With the muscle function compromised, the muscles cannot provide their role as a pump to help with vein blood circulation in the segment. This impacts on the circularity system within the stump which is already compromised from the operation.
In addition, the distal end of the tubular bone has no normal vertical load and stimulating forces which leads to gradual bone re-absorption.
What happens during interim (initial) prosthetic treatment?
During the interim process, the stump volume will dramatically reduce as a result of two ongoing processes. These are swelling reduction and muscle atrophy.
The first process happens faster and is more visible. Mechanical loads on the stump from the prosthetic socket will reduce swelling in the soft tissue.
Initiated muscle atrophy becomes more visible and contributes to general changes in the stump profile.
At the end of the interim stage we will have a stump with a relatively stable volume and cylindrical shape. This can require multiple prosthetic sockets being made to follow this process. Each person will experience this at different rates but in general this stage takes around 1-1.5 years.
Photo above demonstrates cylindrically shaped transtibial stump.
What happens to the stump in the long term?
Muscles continue to atrophy over a lifetime forming a more conically shaped stump. This is a very slow process which is observed over years/decades. Aging leads to other tissue changes such as the skin becoming more flaccid and mobile as well as bony structures becoming more prominent and fragile.
Photo above demonstrates a conically shaped trans-tibial stamp. It is visible that the muscles have atrophied and the soft tissues are flaccid and mobile. Bony prominences do not have natural soft tissue protection.
Stump changes in childhood.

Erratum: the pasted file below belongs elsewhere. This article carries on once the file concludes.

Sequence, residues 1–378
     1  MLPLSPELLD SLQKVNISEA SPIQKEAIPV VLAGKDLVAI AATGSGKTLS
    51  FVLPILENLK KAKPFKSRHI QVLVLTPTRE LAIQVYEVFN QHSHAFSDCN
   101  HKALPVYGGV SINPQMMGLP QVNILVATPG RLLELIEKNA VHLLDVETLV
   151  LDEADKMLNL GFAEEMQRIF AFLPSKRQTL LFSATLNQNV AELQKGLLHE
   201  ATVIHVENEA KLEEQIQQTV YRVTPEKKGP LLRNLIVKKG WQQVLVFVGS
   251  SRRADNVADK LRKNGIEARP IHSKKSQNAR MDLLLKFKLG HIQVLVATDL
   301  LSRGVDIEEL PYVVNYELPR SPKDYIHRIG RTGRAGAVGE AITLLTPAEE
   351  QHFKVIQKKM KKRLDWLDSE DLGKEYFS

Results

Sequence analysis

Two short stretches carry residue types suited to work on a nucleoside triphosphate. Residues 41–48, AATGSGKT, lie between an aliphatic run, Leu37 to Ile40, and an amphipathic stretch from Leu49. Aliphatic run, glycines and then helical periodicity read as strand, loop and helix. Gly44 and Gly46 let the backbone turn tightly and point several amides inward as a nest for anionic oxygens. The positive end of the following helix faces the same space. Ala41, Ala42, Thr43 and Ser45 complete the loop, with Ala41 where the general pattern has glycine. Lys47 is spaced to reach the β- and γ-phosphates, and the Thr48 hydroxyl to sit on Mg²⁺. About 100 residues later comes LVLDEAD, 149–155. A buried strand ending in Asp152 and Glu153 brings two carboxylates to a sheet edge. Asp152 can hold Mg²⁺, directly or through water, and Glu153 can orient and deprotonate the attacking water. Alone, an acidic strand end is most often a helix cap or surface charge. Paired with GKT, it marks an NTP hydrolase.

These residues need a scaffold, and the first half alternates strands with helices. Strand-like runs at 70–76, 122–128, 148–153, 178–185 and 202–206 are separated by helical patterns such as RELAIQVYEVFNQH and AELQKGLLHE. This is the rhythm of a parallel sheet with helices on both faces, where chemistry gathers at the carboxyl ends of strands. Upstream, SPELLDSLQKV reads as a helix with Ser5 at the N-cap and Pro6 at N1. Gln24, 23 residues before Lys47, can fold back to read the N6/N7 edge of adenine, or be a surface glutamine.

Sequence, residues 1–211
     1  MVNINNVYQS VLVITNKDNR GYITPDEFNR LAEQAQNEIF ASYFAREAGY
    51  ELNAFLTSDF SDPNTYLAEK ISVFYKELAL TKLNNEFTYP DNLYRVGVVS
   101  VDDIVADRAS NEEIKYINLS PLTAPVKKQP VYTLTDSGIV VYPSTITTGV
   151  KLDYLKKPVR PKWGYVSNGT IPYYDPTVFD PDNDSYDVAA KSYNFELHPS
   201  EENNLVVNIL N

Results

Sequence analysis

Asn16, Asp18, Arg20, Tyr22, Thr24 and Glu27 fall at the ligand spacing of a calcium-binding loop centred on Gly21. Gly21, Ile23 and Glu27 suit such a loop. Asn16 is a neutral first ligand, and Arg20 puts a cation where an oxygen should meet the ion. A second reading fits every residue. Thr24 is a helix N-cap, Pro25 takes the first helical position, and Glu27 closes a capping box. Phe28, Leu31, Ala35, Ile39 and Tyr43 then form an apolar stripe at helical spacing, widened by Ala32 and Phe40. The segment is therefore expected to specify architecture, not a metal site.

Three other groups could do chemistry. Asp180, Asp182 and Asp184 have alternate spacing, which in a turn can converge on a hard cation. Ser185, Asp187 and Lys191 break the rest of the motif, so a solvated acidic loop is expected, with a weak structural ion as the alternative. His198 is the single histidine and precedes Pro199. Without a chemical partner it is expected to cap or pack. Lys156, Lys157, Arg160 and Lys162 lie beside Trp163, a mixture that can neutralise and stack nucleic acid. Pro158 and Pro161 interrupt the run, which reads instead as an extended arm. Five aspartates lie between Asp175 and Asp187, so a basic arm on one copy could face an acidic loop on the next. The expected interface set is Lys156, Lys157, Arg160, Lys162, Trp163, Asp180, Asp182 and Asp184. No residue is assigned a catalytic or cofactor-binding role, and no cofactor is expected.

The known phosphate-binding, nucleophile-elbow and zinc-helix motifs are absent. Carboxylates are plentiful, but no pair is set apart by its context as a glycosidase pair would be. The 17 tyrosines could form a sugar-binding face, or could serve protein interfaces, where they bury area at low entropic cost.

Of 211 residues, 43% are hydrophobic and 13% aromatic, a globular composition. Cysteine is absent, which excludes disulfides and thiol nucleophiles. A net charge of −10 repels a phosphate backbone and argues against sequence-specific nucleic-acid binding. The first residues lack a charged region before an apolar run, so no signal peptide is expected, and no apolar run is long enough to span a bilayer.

In general a childs amputation will follow the same changes as previously mentioned. The main difference with a child is that they will experience future growth.
Because in most cases the epiphysis of tubular bones contribute to general growth unequally, we would expect reduced and asymmetrical growth of the amputated limb segment. It can combine with bone overgrowth that leads to an inadequate length between two bones of one segment.
The diagram above shows the Epiphyseal contribution to longitudinal bone growth.
In case of bone overgrowth, the distal end of the amputated bone tapers and can even damage the surrounding soft tissue. For example, fibula can overtake tibia and form sensitive (painful) area of the end of the stump.
The diagram above shows the overgrowth of the below knee stump. It is visible that one bone (Fibula) has overgrown another one (Tibia). Both bones have tapered ends.
Is there a stable stump?
In general it is a rare occurrence for a stump to be absolutely stable. In addition to the slow permanent changes of the stump, it is common to experience slight fluctuations. These can be daily or seasonally observed and are most often related to changes in physical activity, diet, illness and environment.
Because these factors will naturally change as the amputee ages, constant prosthetic observation is required to prevent complications from limb use.